In the dynamic ‘meshwork’ (Tim Ingold) of ‘intra-actions’ (Karen Barad) between the human, the animal, the environment and technology that constitutes the University in the 21st century (including all the associated software, code, data and algorithms, their physical supports and material substrates: wires, chips, circuits, disks, drives, networks, airwaves, electrical charges etc.), who or what is it exactly that produces knowledge and that can know? What does the use of networked digital media, devices and platforms mean for our methods and the way we carry out research? How do they constitute and mediate its means of production and communication? And if knowledge and research are the result of complex processes involving both human and non-human objects and actants, what does this mean for politics and ethics? In short, how can we perform knowledge-making practices differently, to the point where we actually begin to take on (rather than take for granted, repress or ignore) the implications of the posthuman for how we live, work and act as academics and researchers? What can the humanities become in all these entangled constellations?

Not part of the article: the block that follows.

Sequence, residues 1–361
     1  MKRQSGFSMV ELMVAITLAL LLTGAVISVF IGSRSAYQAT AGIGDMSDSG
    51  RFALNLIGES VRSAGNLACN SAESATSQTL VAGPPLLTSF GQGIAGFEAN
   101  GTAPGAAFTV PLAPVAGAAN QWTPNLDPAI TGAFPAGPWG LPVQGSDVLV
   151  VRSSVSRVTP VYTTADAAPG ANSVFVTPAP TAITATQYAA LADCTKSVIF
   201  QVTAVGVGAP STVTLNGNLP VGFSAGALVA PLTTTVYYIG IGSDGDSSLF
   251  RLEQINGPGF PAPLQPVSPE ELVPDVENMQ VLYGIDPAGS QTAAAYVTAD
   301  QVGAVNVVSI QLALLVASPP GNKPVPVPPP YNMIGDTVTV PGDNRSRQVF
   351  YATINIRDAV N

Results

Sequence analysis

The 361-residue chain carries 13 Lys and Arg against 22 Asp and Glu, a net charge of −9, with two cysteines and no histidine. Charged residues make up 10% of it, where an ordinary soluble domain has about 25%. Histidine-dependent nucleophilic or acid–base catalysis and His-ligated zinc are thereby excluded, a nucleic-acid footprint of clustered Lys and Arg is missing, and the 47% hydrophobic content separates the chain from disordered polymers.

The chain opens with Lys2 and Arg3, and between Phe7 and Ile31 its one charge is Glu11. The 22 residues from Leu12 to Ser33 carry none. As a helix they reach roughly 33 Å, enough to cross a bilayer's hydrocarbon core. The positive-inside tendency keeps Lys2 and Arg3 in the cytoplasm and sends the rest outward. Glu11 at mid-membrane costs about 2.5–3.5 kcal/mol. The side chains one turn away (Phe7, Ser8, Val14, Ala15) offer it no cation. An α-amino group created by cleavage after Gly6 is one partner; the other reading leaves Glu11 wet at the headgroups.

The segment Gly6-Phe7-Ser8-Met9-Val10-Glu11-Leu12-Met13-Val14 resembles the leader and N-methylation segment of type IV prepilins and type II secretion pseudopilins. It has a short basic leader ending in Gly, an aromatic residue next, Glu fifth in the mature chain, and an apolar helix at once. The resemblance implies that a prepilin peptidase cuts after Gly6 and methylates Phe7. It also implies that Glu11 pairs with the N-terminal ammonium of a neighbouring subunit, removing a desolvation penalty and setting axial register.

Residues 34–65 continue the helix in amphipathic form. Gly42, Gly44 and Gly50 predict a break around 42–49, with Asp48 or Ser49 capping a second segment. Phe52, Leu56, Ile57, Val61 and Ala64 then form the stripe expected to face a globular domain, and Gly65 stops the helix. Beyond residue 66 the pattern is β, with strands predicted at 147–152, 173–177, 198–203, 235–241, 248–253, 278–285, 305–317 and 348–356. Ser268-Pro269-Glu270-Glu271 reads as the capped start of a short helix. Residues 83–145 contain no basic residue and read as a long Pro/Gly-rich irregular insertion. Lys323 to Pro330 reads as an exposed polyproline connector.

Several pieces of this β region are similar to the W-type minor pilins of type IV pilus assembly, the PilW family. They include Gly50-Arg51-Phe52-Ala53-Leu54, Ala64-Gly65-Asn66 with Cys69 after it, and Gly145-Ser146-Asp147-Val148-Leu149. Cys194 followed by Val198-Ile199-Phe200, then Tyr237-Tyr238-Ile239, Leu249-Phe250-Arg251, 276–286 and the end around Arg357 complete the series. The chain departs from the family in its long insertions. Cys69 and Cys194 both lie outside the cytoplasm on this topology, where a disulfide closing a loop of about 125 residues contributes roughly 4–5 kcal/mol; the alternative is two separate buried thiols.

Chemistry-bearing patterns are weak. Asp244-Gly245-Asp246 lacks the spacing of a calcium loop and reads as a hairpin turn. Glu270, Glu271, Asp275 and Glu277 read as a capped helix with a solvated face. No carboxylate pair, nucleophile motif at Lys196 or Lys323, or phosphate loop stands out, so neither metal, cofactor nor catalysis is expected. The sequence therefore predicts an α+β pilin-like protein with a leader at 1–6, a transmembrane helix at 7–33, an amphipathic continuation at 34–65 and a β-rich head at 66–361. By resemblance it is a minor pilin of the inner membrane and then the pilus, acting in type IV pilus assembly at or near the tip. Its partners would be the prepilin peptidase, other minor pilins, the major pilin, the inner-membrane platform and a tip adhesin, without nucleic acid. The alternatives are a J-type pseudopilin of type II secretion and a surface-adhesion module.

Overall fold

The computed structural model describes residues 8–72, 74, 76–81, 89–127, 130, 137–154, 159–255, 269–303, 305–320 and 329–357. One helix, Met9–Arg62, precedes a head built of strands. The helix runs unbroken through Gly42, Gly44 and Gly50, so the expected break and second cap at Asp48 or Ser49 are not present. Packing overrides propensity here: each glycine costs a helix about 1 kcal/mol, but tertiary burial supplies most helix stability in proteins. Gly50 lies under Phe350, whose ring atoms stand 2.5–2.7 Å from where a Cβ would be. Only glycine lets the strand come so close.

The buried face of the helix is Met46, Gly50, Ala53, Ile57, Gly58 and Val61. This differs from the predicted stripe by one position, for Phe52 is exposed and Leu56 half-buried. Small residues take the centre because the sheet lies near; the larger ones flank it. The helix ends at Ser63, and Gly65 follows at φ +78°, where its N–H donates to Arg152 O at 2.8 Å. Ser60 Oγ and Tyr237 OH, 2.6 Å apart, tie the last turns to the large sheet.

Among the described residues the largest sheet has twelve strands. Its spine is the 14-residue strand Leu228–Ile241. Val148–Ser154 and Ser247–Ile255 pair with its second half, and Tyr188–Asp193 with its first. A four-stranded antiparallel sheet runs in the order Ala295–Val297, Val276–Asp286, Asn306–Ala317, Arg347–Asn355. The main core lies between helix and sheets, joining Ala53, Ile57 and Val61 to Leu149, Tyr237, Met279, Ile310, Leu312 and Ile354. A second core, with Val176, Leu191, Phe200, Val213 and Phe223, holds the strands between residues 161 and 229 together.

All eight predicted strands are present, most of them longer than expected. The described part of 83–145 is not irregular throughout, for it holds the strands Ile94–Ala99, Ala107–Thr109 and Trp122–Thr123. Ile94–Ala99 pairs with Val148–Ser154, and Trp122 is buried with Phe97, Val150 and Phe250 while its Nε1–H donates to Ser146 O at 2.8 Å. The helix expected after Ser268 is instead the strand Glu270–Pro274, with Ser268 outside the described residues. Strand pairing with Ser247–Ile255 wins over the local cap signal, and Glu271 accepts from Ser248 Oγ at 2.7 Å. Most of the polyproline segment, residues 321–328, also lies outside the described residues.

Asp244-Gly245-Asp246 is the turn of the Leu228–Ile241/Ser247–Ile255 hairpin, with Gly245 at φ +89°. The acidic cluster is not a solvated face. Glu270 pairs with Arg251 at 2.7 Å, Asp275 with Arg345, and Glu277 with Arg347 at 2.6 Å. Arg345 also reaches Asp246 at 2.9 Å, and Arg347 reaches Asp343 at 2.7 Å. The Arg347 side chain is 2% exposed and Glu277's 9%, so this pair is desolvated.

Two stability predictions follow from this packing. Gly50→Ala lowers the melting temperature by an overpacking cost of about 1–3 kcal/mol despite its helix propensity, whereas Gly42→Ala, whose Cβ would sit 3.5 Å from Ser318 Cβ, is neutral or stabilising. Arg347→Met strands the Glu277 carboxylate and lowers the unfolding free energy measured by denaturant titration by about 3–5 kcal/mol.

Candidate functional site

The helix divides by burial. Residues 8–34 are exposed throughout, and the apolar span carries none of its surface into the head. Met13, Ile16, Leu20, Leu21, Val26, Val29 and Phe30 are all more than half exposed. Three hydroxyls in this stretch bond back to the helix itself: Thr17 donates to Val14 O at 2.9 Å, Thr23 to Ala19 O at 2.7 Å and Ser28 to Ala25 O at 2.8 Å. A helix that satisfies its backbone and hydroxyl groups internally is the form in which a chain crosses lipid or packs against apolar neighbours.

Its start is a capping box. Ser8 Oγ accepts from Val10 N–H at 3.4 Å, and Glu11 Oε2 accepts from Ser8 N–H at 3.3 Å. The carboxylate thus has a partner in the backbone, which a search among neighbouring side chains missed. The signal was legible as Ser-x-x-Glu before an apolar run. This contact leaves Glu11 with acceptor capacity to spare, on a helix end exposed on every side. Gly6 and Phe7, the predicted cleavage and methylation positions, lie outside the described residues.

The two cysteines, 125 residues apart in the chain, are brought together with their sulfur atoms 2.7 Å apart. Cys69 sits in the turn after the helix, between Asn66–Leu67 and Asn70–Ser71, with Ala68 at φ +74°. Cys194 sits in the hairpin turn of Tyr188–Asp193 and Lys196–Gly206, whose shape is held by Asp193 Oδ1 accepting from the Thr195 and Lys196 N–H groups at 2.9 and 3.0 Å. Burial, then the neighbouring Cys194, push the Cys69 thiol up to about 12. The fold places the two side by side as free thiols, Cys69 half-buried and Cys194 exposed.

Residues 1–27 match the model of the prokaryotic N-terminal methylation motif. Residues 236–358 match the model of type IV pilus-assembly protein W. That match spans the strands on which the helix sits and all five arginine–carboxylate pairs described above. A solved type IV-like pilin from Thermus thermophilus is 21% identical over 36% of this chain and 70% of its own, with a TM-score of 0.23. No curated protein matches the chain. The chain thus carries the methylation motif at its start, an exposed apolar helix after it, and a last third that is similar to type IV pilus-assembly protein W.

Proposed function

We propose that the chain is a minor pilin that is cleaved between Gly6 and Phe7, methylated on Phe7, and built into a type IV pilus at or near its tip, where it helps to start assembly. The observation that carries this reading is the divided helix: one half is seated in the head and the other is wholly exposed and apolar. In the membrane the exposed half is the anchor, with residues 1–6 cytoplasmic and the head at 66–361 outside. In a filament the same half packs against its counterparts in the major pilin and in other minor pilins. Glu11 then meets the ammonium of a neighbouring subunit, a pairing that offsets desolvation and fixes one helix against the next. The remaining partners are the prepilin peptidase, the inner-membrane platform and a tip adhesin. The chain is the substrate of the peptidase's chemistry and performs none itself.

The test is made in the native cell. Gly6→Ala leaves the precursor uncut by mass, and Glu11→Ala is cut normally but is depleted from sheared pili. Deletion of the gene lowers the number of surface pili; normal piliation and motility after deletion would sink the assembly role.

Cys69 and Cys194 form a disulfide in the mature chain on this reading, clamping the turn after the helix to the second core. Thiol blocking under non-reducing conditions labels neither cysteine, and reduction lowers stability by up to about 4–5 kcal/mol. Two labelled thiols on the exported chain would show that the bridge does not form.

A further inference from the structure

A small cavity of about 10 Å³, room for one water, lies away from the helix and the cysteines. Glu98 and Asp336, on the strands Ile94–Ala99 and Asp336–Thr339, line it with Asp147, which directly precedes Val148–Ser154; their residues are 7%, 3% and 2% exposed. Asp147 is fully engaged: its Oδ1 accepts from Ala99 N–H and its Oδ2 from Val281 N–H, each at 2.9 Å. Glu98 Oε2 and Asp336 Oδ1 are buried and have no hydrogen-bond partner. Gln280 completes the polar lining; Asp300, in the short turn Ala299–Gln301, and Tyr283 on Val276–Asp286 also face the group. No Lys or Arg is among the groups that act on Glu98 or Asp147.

17:00 Introduction (Janneke Adema- Coventry University)

17:05 Monika Bakke (Adam Mickiewicz University)

Deep time environments: Art and the materiality of life beyond the human